Last week, I talked about exploration and the billionaires’ race to space. I also shared a little of my own adventure as an explorer across the Sahara Desert. While exciting, exploration ultimately is to make life better, to find out what else may be out there and how we as a species can benefit from it. This was my goal after my first expedition; I could not stop thinking about the desert and the vast opportunities that could be gotten from it.

I had asked a question in my last article and I am yet to get a concrete response. Why are we Africans exploration-shy? Why are our leaders reluctant to bet on our scientists and explorers? If we keep on copying and being risk-averse to research, we will never develop, and never catch up with advanced nations.

Nigeria is not exactly set to join the space race but then we have a lot to still explore right on earth and next to us. How about we start with the Sahara? It currently stands as a world of its own, full of undiscovered treasure. History tells us that the Sahara once had a very different environment. We are told that the dry lands showed signs of pastoralism, large settlements, herding and pottery in Libya and Algeria, dating back to 7000BC. For centuries, trans-Saharan traders voyaged in both directions between the Mediterranean countries and the countries of sub-Saharan Africa. Economies were being formed, people made a living until the effects of desertification and global warming changed everything.

Now, those changes brought on by desertification and global warming have destroyed lives and properties in many regions.

In the 1960s, when the Sahara occupied only about a fifth of the land area of Africa, President Kwame Nkrumah of Ghana made the famous declaration that the continent of Africa will remain in darkness until the trans-Saharan highway is built. This never happened and, today, the desert has expanded and occupies over a third of the land area of Africa.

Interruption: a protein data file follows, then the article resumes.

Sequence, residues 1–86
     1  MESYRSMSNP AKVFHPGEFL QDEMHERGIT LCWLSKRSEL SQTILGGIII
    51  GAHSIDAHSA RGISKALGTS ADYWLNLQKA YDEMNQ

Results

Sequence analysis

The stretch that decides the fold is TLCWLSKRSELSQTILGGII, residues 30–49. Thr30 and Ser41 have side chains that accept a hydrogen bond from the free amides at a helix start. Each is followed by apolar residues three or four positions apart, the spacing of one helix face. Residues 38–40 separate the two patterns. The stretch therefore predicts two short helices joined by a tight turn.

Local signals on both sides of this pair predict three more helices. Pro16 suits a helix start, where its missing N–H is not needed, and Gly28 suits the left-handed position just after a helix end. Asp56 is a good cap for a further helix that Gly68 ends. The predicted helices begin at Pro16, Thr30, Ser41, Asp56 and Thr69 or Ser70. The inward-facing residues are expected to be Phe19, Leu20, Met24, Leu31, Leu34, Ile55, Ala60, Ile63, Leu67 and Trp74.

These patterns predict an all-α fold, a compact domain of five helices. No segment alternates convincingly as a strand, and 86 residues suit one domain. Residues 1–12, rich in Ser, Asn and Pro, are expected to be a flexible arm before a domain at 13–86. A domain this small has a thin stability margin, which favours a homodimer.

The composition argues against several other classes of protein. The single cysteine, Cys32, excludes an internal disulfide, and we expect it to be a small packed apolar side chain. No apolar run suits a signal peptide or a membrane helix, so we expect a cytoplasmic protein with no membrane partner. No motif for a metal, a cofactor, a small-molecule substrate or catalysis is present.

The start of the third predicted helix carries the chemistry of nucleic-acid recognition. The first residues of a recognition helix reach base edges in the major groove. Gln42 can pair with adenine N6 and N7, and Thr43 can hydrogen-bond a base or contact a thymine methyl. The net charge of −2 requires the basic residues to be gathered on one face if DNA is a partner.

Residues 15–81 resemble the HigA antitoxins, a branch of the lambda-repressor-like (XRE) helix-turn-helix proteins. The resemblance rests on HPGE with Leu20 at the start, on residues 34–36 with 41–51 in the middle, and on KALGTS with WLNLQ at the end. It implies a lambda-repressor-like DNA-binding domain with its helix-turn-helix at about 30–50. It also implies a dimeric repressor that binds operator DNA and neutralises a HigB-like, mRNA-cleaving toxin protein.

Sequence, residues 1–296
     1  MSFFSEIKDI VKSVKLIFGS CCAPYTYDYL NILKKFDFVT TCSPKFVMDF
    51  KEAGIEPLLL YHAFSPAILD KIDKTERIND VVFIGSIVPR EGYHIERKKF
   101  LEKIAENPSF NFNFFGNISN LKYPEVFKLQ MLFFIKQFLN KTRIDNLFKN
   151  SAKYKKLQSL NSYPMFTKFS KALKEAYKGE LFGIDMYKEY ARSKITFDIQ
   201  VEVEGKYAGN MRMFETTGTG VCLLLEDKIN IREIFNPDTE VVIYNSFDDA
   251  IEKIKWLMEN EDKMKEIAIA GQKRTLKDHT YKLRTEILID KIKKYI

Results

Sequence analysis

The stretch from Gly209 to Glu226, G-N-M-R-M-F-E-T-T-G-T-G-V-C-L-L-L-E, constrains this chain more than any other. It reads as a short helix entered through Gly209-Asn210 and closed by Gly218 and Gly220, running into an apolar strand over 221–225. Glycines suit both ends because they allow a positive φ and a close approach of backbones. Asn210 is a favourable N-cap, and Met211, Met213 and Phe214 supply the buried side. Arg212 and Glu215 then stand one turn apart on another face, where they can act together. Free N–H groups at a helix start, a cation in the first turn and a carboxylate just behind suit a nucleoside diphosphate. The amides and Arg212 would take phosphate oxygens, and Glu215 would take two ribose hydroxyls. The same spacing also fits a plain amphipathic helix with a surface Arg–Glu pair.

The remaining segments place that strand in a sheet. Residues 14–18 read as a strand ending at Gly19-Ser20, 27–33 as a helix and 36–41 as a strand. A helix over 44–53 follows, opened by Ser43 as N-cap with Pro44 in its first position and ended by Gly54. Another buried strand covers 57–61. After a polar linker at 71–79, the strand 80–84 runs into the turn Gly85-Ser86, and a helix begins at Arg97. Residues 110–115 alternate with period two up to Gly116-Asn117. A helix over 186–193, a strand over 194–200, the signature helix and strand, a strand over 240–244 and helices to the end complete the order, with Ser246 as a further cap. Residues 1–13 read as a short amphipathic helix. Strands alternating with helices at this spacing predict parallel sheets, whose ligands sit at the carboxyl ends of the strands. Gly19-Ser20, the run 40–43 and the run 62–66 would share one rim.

It is interesting to note that Africa is the only continent in the world where you cannot move goods and services by road or by train from south to north or from east to west, because of the Sahara. Our counterparts made the move since between 1960 and now to tame their deserts, leaving us behind in the advancement of civilization.

With many African countries becoming independent from their colonial masters, it was desirous to continue the age-old trade between the emerging economies. It was realised that, with the industrial revolution, faster and bigger trading could be achieved if a road/rail link were established between the Mediterranean countries and the rest of Africa. So, following the statement by Nkrumah in 1964, African heads of state, under the auspices of the Organisation of African Unity (now known as the African Union), started preliminary discussions that would lead towards establishing a structure for taming and bridging the Sahara.

Thus was born the Trans-Saharan highway, a transnational highway project to pave, improve and ease border formalities on an existing trade route across the Sahara Desert. It runs between North Africa, bordered by the Mediterranean Sea in the north, and West Africa, bordered by the Atlantic Ocean in the south; from Algiers in Algeria to Lagos in Nigeria. 

Unfortunately, the heads of state that originated the desert-taming project were not able to see the plan to completion due to the various successful coup attempts on almost all their lives while in office, although many experts say, irrespective of the coups, the project was already doomed to fail due to poor planning.